Half an hour later, knuckles scraped and bruised, boots caked in heavy clay, hair plastered to my head, I had the tractor back in the shed, hoping Malcolm wouldn’t notice that the two-inch thick, three-foot long, solid steel spear had broken off at the base. Again. No one would be surprised when I showed up at the tractor supply store in need of another one.
And just in time, too. Malcolm sauntered down the barn aisle, looking about as yummy as a man can look on a spring day.
He pulled me into his warm embrace, enveloping me in the scent of soap and grass, which really wasn’t fair because my sweat-soaked T-shirt clung to me like bad mayo to stale bread, and damp clay had cured stiffly in my hair.
I melted into his embrace. Right from the start, from the very first day I set foot on Winterlight, I’d been drawn to him as if pulled by an invisible thread. I’d fought it because getting involved with the boss was against the rules. The new rules I’d adopted before coming here. No drinking, no smarting off, and no getting in bed with my employer.
Oh, but…the very smell of him, like sunshine after a rain, had me panting like my dog after a run. I’m strong, though, and if that’d been all there was to it, I’d have resisted.
“Good morning, Viola Parker,” he said as if we hadn’t had breakfast together a couple of hours before.
I tilted my head back to look into his blue, blue eyes. They darkened and a slow smile lifted the corners of his mouth. His look told me he knew the same glowing need I felt. Then, he sniffed, set me out at arm’s length, and looked me up and down. “What happened?”
Damn it. Should have changed my clothes. “Erm…” I thought quick, wishing I had a can of whipped cream to help my brain along. “Mishap with the manure spreader,” I said.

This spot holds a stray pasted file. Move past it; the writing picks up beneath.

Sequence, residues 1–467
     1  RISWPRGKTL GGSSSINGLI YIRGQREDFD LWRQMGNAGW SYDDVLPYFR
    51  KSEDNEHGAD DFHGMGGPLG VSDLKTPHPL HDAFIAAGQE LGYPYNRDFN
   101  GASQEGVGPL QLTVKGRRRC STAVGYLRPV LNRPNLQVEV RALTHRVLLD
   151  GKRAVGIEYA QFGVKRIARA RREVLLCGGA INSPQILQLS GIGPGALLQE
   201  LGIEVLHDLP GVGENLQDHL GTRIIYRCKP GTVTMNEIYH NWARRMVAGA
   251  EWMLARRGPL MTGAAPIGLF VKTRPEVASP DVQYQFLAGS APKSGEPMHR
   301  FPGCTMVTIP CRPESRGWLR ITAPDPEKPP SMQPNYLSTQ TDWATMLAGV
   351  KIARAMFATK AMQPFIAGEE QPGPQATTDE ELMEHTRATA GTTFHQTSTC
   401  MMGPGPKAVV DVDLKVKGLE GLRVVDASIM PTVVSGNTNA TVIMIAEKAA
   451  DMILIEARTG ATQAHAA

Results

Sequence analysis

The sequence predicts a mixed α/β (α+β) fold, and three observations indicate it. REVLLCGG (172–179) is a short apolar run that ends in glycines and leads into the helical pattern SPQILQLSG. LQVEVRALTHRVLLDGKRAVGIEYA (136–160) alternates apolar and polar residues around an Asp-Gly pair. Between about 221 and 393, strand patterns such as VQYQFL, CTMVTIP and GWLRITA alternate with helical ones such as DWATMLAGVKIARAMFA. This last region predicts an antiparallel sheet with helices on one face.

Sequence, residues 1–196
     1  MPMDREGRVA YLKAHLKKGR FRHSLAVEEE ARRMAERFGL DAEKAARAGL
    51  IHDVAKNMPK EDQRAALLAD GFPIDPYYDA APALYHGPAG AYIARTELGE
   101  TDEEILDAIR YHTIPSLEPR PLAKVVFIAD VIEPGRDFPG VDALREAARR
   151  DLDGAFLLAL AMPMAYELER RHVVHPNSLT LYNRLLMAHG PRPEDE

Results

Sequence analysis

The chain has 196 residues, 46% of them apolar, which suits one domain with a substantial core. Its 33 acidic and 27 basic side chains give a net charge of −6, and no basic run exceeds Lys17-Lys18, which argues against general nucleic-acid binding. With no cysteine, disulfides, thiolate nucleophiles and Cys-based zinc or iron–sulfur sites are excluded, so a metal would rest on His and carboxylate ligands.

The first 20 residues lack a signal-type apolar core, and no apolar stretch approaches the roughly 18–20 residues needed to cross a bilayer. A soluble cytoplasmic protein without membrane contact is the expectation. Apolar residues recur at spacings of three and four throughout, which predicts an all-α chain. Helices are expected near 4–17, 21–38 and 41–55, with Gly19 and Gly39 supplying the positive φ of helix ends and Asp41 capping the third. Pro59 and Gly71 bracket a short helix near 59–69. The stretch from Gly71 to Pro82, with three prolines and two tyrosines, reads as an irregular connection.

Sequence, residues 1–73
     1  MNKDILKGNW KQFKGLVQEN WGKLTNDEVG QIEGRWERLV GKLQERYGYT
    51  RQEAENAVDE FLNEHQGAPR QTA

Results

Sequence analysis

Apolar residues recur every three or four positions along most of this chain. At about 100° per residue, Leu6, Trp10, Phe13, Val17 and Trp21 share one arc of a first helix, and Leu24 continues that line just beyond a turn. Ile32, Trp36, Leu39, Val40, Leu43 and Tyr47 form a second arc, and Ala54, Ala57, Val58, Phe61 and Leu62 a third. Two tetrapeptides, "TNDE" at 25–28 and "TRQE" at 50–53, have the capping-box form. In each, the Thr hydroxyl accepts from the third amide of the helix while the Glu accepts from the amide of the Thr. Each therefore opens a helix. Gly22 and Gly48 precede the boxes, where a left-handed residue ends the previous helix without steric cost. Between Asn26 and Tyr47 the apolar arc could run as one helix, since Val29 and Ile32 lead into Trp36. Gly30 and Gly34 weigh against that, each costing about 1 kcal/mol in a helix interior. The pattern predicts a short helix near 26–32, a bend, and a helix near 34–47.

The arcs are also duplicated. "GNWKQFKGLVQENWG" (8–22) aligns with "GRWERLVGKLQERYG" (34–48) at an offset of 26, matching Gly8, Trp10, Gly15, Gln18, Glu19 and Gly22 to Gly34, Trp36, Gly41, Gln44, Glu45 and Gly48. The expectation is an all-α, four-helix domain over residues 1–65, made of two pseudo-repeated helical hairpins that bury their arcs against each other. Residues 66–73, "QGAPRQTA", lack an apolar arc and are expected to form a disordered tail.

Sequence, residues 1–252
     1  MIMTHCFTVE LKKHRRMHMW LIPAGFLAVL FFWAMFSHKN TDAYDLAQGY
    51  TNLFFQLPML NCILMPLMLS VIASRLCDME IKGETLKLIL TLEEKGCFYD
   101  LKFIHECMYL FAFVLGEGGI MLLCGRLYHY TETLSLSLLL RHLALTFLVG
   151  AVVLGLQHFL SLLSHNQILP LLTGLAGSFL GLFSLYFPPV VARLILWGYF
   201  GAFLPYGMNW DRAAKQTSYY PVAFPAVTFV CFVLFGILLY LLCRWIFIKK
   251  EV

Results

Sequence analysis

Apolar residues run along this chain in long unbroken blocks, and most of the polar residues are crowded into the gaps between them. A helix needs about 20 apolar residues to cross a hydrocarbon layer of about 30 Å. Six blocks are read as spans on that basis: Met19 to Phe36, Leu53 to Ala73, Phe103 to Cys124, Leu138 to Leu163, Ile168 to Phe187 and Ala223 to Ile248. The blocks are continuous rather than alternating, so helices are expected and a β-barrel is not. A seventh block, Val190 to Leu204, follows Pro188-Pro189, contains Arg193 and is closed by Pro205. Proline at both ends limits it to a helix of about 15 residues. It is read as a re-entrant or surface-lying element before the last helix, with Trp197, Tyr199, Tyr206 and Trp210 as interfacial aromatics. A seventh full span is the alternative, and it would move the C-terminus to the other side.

He narrowed his azure eyes at me while Noire sniffed my foot and gave me an unsure look.
“I told you to add an extra board to that bridge you built. Are you all right?”
The bridge referred to the wide plank I used to get the wheelbarrow to the manure spreader. I’d parked it down a hill so I could tip the barrow straight in. This was more efficient than creating a manure pile that had to be scooped up with the tractor and put in the spreader before that got driven around a field. Yet another of my chores.
The setup was precarious, and I’d slipped a few times, missed the target, and created more work instead of less. He’d been on my case to build a better ramp, but hadn’t offered to do it. He knew leaving me to my own devices was the best weapon he had. As usual, I’d ignored him and gone about my business.
“Smells like you had a party in the manure spreader,” he said.
The best defense is a quick change of subject. I turned to the wall where pitchforks, brooms, and shovels all hung in a neat row, straightened the handle of one that was slightly askew, and asked, “How’s the alfalfa looking?”
The corner of his mouth twitched. He knew all my tactics.
“Just fine.” He reached around me and pushed the rake handle out of alignment.
“It’s the wind, that’s all.”
He was referring to how the tools, which I always hung straight, had been getting crooked more and more frequently when no one was using them. It made me crazy. He insisted it was only the wind.
“Listen,” he said, “I don’t have to go out of town like I thought, and—”
The sound of a diesel vehicle coming up the drive stopped him. We watched as a shiny new white truck and matching horse trailer pulled in.
“You expecting someone?” he asked.
He shook his head, and we walked toward the front of the barn, me disguising my limp as best I could. No need to give him something to fuss over me about.
A woman stepped out of the truck clad in super skinny jeans, embroidered turquoise boots, a straw cowboy hat, and clingy riding shirt. The logo stitched on the sleeve declared expensive. The perky nipples said she’d been running her air-conditioning on high.
She filled out the jeans and shirt with ample curves, but looked fit. Kind of like me, except better. She swept off the hat and tossed it on the front seat. Perfect waves of blonde hair tumbled down her back and over one shoulder. My hair never looked that good. Certainly not at the moment. Self-consciously, I pushed the damp mess away from my forehead wishing I’d stuffed it in a cap. She didn’t need to come closer for me to know she smelled good.
Her eyes latched onto Malcolm.
“Robert,” she said in a sultry tone. “It’s been too long.”
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